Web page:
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European inflation rate falls for second straight month

While prices for energy, goods and services remain higher than what was recorded in 2021, inflation is trending downward since reaching a high last October.

(CN) — The annual inflation rate in both the eurozone and European Union has declined more than 1% since hitting highs in October 2022, but is still well above rates recorded at the end of 2021.

In December, the 20-nation eurozone experienced an annual inflation rate of 9.2%, which is down from 10.6% in October but still nearly twice the 5% inflation rate recorded one year prior.

Across the 27 EU member states, the annual inflation rate was 10.4% in December, down from a high of 11.5% in October but still well above the 5.3% reported in December 2021.

Annual inflation is the change in the price level of consumer goods and services between the current month and the same month of the previous year. According to data published Wednesday by Eurostat, the EU statistics agency, Hungary is currently experiencing the highest inflation in the region at an annual rate of 25%. On the other end of the spectrum is Spain, where the yearly rate was recorded at a low 5.5% in December.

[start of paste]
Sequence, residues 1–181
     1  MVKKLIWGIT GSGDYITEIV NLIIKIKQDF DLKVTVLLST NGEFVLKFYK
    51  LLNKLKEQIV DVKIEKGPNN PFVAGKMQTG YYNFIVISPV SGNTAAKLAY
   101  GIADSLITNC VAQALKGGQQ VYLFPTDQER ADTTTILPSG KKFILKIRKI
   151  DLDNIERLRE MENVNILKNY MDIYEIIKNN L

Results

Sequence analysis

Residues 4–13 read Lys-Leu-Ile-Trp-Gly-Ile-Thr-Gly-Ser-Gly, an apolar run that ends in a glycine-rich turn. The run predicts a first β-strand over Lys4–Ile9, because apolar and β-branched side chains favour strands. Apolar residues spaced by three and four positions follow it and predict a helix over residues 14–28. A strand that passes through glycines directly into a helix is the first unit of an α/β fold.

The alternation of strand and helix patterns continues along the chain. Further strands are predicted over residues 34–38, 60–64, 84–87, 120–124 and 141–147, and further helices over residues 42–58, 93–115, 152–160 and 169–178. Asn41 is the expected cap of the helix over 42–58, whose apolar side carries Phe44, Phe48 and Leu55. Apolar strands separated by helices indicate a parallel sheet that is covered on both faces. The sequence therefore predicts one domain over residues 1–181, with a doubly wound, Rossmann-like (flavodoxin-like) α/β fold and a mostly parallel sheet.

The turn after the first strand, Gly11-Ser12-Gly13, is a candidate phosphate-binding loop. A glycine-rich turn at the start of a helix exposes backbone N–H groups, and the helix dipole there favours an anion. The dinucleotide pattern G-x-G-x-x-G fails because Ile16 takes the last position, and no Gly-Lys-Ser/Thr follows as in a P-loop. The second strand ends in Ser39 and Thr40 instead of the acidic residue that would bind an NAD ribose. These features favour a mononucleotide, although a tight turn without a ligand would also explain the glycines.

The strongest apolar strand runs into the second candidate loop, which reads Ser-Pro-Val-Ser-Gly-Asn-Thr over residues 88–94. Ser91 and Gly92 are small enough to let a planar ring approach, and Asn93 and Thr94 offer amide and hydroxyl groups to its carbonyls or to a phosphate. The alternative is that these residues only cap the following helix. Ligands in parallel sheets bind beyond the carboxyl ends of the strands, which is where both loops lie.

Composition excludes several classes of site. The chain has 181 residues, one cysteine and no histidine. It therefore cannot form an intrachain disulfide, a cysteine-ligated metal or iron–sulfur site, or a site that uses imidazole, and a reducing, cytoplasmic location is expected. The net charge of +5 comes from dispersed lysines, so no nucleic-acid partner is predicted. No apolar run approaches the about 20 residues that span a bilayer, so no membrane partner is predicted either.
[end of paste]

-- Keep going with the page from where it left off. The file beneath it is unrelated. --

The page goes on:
Nineteen countries had rates above the eurozone average in December, while Finland, Ireland, Cyprus, Greece, Malta, France and Luxembourg joined Spain with below-average inflation. Since November, annual inflation fell in 22 countries and remained stable in Czechia, Spain and Malta, while the rate actually increased 2.1% in Sweden, 1.8% in Hungary, and 0.8% in Bulgaria. 

Inflation is being led by a 25.5% increase in the cost of energy products, including electricity and natural gas, but prices have also soared 14.3% for processed foods, alcohol and tobacco, 12% for unprocessed food, 6.4% for non-energy industrial goods and 4.4% for services. 

Comparatively, the annual inflation rate in the United States was recorded at 6.5% in December 2022, according to the Bureau of Labor Statistics, led by a 15.6% increase in energy services including electricity and natural gas, a 10.4% increase in food costs and a 7% increase in non-energy services. 

Throughout 2022, the eurozone - comprised of the nations that use the euro as their form of currency - included Austria, Belgium, Cyprus, Estonia, Finland, France, Germany, Greece, Ireland, Italy, Latvia, Lithuania, Luxembourg, Malta, the Netherlands, Portugal, Slovenia, Slovakia and Spain. The bloc added a new member Jan. 1, when Croatia adopted the currency. 

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